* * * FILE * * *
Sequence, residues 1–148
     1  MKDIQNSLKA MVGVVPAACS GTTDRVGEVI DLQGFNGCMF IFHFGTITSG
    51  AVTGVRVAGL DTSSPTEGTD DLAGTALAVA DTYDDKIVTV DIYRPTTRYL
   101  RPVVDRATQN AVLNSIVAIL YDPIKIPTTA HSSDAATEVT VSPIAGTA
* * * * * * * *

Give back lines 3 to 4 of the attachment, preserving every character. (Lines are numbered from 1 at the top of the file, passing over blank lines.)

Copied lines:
    51  AVTGVRVAGL DTSSPTEGTD DLAGTALAVA DTYDDKIVTV DIYRPTTRYL
   101  RPVVDRATQN AVLNSIVAIL YDPIKIPTTA HSSDAATEVT VSPIAGTA